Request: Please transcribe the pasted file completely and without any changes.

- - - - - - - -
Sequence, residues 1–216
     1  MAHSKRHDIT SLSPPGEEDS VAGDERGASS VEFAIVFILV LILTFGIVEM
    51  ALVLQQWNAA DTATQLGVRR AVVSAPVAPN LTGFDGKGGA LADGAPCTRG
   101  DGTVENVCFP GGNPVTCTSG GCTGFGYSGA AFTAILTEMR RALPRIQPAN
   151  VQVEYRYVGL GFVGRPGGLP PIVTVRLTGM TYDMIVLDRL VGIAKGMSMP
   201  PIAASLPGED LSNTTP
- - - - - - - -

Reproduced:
Sequence, residues 1–216
     1  MAHSKRHDIT SLSPPGEEDS VAGDERGASS VEFAIVFILV LILTFGIVEM
    51  ALVLQQWNAA DTATQLGVRR AVVSAPVAPN LTGFDGKGGA LADGAPCTRG
   101  DGTVENVCFP GGNPVTCTSG GCTGFGYSGA AFTAILTEMR RALPRIQPAN
   151  VQVEYRYVGL GFVGRPGGLP PIVTVRLTGM TYDMIVLDRL VGIAKGMSMP
   201  PIAASLPGED LSNTTP